Next we talked about fire safety and were shown how to light a fire. We were sent out to find tinder, kindling and larger logs for sustained fuel.

It was lovely sitting in the forest with a fire warming us while the kettle booked to make hot chocolate.




John Muir Award * discover * explore * conserve * share *



This term Chloe and I, along with other members of the Mercia Education Group are undertaking a 10 week Forest School which is being held free of charge. Rugeley Power Station are providing us with the opportunity to work towards the John Muir Award in nature conservation.


There are 4 parts to the award. First you Discover a natural environment. This could be anywhere, from a beach to a mountain, to a forest or a spot in a park.


Next you Explore the area, identifying the wildlife, plants and smaller ecosystems that live within the area you have discovered, as well as looking for ways you can help to conserve the area to ensure the area itself benefits while you are learning from it.


Once conservation needs have been identified, next is naturally to get stuck in and carry out the work towards Conserving or maintaining the area.



The final stage of the award is Sharing your experiences with others to promote spending time outdoors learning about the world that we live in. In addition to the importance of sharing our work with those outside of the group, is the value of sharing this experience with all the children and adults who are taking part and getting to know each other and working as a team.

These photographs were taken on the first day of the forest school. The group was split into four smaller groups and sent off to find materials to create the four words included in the award, and then we all spent time talking about what each word meant in terms of expectations of aims and outcomes.

It was a fantastic autumn day. The leaves were only just beginning to fall from the trees in Cannock Chase and to top of a lovely day we found a large toad in a hut just as the group was preparing to leave.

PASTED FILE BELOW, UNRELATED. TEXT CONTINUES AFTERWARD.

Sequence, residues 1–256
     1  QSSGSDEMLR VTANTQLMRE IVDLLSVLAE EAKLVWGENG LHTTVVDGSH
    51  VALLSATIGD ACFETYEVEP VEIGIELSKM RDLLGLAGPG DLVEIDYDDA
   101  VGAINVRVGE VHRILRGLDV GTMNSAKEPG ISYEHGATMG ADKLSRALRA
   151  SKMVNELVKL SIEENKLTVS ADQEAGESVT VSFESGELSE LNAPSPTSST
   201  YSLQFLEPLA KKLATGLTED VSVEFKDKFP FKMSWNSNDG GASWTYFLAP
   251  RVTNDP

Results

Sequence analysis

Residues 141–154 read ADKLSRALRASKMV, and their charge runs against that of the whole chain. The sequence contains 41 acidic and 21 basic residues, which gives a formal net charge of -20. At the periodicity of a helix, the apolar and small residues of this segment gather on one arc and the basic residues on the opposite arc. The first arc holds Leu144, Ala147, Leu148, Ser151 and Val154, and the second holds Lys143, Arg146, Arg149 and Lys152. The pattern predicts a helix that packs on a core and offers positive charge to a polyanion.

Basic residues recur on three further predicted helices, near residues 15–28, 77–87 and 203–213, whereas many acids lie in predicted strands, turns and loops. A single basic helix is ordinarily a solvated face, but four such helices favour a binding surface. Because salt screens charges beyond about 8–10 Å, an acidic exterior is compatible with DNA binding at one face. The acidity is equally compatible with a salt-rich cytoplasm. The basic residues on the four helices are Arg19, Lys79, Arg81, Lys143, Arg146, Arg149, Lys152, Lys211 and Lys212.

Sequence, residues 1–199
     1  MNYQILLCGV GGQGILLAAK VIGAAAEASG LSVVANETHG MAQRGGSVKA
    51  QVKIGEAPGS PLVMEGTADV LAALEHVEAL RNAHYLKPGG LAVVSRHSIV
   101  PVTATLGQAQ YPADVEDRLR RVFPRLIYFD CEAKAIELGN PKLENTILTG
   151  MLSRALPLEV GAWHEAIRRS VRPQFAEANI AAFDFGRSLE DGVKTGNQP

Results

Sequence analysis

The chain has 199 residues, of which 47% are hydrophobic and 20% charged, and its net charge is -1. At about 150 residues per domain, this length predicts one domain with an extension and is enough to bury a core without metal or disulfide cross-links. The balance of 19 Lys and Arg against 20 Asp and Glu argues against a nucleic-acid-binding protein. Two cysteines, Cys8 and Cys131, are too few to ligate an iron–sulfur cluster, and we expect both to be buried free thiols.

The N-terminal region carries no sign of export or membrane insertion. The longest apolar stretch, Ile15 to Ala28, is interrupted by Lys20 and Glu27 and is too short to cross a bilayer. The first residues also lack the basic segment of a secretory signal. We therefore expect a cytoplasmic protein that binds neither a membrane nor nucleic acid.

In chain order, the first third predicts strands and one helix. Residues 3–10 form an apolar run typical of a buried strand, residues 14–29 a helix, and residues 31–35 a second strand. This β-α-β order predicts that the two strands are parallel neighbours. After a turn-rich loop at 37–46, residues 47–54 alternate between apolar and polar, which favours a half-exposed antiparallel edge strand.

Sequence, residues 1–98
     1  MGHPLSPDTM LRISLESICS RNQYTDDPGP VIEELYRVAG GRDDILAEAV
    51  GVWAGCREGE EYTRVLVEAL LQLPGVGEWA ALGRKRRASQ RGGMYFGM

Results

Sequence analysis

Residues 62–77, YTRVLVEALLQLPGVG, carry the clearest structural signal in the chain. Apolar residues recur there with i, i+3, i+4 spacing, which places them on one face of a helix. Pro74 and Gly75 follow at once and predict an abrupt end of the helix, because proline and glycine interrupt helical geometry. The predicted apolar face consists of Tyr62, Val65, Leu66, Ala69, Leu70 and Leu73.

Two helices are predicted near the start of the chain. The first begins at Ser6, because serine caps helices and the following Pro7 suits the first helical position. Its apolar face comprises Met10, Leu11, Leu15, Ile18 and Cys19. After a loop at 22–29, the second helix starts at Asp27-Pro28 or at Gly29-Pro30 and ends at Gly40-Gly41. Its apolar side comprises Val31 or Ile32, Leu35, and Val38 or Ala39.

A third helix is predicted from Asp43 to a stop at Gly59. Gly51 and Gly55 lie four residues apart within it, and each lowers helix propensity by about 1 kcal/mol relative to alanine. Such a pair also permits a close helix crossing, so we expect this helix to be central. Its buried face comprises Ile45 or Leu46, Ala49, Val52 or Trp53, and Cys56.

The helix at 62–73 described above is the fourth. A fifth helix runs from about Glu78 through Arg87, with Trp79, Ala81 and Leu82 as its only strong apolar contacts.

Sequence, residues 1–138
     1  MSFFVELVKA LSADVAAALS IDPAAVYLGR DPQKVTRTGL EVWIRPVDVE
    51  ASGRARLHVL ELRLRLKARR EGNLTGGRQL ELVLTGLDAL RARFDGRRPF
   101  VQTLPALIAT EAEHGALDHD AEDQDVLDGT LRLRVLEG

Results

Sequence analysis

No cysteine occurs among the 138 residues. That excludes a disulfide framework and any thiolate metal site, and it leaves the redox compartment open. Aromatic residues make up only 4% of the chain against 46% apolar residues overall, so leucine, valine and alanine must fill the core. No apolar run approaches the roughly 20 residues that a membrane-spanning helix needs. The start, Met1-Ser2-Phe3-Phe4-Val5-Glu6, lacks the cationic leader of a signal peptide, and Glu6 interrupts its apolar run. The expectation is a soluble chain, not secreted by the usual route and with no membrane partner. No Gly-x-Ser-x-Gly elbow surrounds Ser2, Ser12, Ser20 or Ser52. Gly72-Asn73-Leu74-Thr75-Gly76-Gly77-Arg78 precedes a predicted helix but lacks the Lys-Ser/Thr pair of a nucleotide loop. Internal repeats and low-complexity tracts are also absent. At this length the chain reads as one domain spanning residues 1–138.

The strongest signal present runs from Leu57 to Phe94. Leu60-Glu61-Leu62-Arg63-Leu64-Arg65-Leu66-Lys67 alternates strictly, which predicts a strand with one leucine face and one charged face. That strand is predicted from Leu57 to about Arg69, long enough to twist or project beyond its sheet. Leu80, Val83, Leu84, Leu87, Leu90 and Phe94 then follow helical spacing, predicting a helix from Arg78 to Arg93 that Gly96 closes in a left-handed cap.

I don’t hold much faith that everyday is going to be as kind weather wise, since we will be working in the forest each week up until close to Christmas, but Chloe and I are looking forward to the rest of the course and cant wait to get stuck into some forest fun activities.

Chloe meets The Animal Man






In January 2014 my eldest daughter Chloe left school and we began our home education journey together. As I had been planning on hiring The Animal Man for her 11th birthday, and I wanted to kick start her home education with something memorable and exciting I decided to call and request a one to one session for Chloe at home. Despite the request being rather unusual and not the typical type of appointment they would make, they came to our house and spent the morning and Chloe had the luxury of having all the animals to hold all to herself, while Rob explained about their habitats and talked to Chloe about each of the animals in turn. We both learnt a lot and Chloe had an experience she is going to remember for life.


The Animal Man is based in Wolverhampton UK. More typical visits include schools, clubs and birthday parties. You can find them on Facebook here